Thesis defense Lisa Klinkenberg

Engaging African ethnic minorities as blood donors

On 6 October 2020 (15:00 hrs) Lisa Klinkenberg defended her PhD thesis 'Engaging African ethnic minorities as blood donors' at the University of Amsterdam

Prof WLAM de Kort MD PhD
Prof JCM van Weert PhD

EMJ Huis in ’t Veld PhD
MP Fransen PhD

Agnietenkapel, University of Amsterdam, and on-line


Blood donors of African descent are needed to safely treat chronic transfusion patients of similar ethnic background. However, ethnic minorities and migrants of African origin are underrepresented as blood donors in many Western high-income countries, which limits the availability of antigen-negative blood for transfusion. Increasing the diversity of the donor pool is a challenge and recruitment strategies had limited successes in the past. A systematic development of an intervention by following the Intervention Mapping protocol, might increase the chances of a successful donor recruitment intervention. This thesis addresses systematic research examining the problems and needs of the blood collection agency and the potential donors of African descent, and developing and testing strategies to recruit more blood donors of African origin.

In Part I, the overarching context of the Dutch blood collection agency in relation to blood donors of African descent is examined through the blood donor database and interviews with staff members. Main conclusions were that a limited number of African donors entered the donor pool and that a relatively high percentage exit the donor pool within five years. There were obstacles in the supply chain identified for migrant donors, which hinder to make optimal use of these needed, potentially antigen-negative donors. The main implications are to take these obstacles and limited retention into account, more attention on younger, second-generation donors as they are more likely to be eligible to donate blood, and aim to register donor ethnicity as it provides solutions to multiple obstacles in the supply chain.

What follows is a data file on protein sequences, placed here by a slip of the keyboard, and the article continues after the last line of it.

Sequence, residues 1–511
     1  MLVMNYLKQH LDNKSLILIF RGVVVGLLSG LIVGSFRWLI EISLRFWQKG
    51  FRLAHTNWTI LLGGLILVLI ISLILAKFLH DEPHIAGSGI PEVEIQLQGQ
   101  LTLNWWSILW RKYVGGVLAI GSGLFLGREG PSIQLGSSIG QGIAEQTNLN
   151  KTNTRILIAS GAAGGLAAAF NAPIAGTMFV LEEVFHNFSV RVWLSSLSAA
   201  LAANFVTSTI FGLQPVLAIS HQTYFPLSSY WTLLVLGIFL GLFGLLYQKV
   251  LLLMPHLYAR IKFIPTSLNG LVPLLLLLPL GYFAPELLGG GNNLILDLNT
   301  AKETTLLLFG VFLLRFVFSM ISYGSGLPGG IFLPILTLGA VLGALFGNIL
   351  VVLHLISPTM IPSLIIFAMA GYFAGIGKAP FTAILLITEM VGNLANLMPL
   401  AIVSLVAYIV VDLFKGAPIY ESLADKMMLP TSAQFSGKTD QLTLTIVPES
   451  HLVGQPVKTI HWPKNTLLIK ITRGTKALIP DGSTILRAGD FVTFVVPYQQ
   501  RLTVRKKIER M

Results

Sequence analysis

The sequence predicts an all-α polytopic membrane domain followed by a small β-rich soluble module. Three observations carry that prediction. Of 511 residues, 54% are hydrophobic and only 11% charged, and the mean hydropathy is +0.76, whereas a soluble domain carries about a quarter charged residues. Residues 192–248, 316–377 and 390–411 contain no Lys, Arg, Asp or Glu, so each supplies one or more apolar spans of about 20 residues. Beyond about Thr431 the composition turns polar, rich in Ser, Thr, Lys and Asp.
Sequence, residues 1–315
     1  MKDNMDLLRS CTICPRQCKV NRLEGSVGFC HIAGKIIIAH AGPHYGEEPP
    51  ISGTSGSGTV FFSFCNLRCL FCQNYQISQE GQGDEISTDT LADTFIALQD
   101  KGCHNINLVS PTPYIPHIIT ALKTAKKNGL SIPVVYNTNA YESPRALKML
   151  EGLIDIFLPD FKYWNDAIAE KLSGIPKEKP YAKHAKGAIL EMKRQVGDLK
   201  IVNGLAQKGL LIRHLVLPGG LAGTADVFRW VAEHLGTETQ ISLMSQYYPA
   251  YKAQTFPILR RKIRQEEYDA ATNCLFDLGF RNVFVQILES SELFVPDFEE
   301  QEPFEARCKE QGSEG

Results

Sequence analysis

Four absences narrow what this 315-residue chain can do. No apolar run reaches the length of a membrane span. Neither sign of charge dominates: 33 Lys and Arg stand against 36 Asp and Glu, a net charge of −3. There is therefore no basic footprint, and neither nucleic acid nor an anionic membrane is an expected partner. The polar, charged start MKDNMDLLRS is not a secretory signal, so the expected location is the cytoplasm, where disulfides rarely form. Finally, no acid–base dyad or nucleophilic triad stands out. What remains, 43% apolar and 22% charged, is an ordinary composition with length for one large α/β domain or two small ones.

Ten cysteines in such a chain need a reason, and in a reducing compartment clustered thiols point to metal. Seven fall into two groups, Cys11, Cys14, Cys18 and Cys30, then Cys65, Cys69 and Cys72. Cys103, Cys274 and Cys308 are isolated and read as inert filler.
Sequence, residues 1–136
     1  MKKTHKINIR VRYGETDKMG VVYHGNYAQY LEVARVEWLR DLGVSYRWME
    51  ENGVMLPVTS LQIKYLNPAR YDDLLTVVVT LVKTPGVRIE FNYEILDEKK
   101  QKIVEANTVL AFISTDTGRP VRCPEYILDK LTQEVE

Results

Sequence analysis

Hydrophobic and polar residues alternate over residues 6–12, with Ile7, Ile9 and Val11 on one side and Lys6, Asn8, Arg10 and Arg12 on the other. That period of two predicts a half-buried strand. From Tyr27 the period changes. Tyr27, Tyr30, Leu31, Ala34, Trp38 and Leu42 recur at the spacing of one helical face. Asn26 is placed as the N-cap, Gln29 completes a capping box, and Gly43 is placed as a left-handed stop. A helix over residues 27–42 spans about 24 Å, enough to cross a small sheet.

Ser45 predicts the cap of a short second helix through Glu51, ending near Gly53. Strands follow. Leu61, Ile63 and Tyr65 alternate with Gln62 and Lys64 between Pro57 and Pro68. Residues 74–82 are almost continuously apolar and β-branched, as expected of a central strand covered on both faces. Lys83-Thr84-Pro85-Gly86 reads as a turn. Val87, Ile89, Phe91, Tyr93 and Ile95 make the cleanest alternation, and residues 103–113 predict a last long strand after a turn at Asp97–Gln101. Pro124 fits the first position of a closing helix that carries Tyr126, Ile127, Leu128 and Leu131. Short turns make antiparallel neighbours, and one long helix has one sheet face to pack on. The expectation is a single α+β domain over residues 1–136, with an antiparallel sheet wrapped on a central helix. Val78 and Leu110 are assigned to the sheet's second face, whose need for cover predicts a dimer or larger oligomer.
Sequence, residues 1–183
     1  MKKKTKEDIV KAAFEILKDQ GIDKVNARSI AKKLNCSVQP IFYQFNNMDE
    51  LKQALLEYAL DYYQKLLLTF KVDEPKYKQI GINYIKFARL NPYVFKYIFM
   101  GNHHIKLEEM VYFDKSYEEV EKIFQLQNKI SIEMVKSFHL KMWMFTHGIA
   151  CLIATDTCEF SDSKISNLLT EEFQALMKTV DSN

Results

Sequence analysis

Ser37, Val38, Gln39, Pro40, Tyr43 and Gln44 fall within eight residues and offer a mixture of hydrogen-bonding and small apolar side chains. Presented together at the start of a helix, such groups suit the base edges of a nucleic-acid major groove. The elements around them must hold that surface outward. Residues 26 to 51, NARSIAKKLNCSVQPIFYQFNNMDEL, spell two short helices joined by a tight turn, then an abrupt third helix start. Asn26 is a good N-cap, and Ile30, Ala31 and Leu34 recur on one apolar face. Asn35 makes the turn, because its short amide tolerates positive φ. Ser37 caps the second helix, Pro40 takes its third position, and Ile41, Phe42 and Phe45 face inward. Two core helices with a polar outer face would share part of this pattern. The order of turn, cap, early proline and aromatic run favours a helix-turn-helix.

In Part II, a systematic, cumulative approach was taken to examine personal blood donation factors, such as barriers and motivators. These donation barriers and motivators experienced by (potential) donors of African descent were explored through a systematic literature, qualitative- and quantitative studies. In short, these studies emphasize the lack of awareness in the African target group and the need for more awareness-raising activities. Other recurring determinants relate to fears, altruistic feelings and convenience factors related to practicalities and the ease of donating blood.

Based on the examination of contextual and individual factors described in Part I and Part II, strategies to recruit blood donors of African descent were developed and tested. A magazine pilot and social-media campaign demonstrated that awareness raising is important in donor motivation and recruitment. However, no clear-cut conclusion can be given based on the results of the social-media intervention with regards to which messages were more effective and whether they actually targeted the intended African target-group. However, we cautiously find in the donor database that the intervention seems to have resulted in relatively more African donors

The research in this thesis presents a basis for donor diversity research in Europe and highlights the need for more systematically designed interventions to improve blood availability, so that patients in need of multiple blood receive a better quality of life.